CMonthCalCtrl and localization

CMonthCalCtrl and localization
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Visual C++ 6.0 offers a few new classes. Among these, CDateTimeCtrl and CMonthCalCtrl introduce two new controls: the Date and Time Picker (DTP) control and the Month Calendar control. Since both look very cool I plan to use them in my project. The project I work on is supposed to be deployed in Greece. The good side of both above-mentioned controls is that they can be localized: switch the locale and both controls will display the days and the months in Greek – cool! But because nothing is perfect, there is a down side too. I planed to create my user interface so that it can be switched back and forth between Greek and English at run-time.
As it is explained in the documentation, “the Month Calendar control gets its format and all strings from LOCALE_USER_DEFAULT” (“Month Calendar Control” – MSDN 6.0 – Oct. 99). The LOCALE_USER_DEFAULT, which identifies the locale of the current user, cannot be changed programmatically and keeps all the settings, as they are when the application starts.
Apparently not “all strings” are taken from LOCALE_USER_DEFAULT. I tried to switch from Greek to English and redisplay my Month Calendar control. The result was very strange: the upper part of my control, the one that displays the name of the current month and all the days of week, stayed displayed in Greek. My control was created without the MCS_NOTODAY style applied so that at the bottom it displays today’s date. When I switched to English, today’s date was printed in English: the message was “Today: 21/2/2000”.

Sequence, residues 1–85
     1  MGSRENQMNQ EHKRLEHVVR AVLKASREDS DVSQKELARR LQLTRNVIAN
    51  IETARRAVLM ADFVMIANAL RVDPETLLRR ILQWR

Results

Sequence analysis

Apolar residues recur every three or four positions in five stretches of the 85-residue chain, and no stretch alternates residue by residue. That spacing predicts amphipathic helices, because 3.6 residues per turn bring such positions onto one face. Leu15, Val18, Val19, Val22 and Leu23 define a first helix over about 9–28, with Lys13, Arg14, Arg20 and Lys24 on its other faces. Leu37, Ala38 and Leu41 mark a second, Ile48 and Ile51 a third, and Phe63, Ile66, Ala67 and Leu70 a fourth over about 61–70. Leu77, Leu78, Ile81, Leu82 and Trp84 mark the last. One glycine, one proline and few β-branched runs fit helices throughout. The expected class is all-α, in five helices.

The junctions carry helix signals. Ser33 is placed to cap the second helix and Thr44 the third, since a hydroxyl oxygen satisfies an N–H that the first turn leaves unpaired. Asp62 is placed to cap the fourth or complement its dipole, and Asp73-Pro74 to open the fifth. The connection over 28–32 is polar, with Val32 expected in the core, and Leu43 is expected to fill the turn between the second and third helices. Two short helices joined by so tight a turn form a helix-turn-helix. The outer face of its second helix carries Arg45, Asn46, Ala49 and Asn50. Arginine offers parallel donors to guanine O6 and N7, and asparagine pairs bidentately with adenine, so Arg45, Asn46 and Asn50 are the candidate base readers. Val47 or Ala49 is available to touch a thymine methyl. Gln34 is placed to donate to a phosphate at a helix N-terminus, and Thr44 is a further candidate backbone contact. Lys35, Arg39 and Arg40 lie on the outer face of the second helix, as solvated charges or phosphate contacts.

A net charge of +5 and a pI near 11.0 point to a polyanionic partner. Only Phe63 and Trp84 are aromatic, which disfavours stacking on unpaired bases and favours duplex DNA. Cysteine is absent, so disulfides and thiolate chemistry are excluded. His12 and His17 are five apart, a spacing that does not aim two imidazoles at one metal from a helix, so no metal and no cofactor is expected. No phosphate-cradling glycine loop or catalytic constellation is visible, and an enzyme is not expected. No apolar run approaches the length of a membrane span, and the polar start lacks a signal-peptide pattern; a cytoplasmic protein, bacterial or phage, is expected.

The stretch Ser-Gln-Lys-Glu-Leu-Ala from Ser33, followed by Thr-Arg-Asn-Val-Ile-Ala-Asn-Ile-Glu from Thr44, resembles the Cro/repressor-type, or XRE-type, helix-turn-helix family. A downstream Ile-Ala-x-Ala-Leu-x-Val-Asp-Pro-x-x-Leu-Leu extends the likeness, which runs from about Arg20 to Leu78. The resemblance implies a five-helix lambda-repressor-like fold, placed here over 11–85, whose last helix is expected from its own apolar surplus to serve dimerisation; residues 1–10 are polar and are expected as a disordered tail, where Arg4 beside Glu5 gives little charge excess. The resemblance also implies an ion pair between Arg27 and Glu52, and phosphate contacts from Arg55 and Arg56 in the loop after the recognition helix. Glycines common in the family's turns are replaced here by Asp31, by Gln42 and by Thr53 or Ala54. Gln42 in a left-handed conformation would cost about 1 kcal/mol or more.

Is there a way I can switch ALL the strings for a Month Calendar control back and forth between Greek and English at run-time?
Cheers,
Eddie
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MensanaAsked:
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mikeblasCommented:
> Is there a way I can switch ALL the strings for a Month Calendar
 > control back and forth between Greek and English at run-time?

I don't think so.

The control works by looking at the thread locale as it initializes. It finds all the correct names, dates, and parameters from the operating system and caches them. The locale settings the control uses aren't exposed to the client of the control; nor is the locale itself.

I suppose, on Windows NT, you could try using SetThreadLocale() before creating the control to trick it into using a different locale. And then setting it back. You could create two controls, one with Greek and the other with English.

But that seems hacky, and I'm not completely positive it would work as you would expect. And it still leaves you without a solution for Win9x.

Seems like you're going to need to write your own control, or find a 3rd party control that lets you switch around locales.

BTW, why would you need to do this?

..B ekiM
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MensanaAuthor Commented:
>I don't think so.

Somehow I expected this answer.

>The control works by looking at the
>thread locale as it initializes.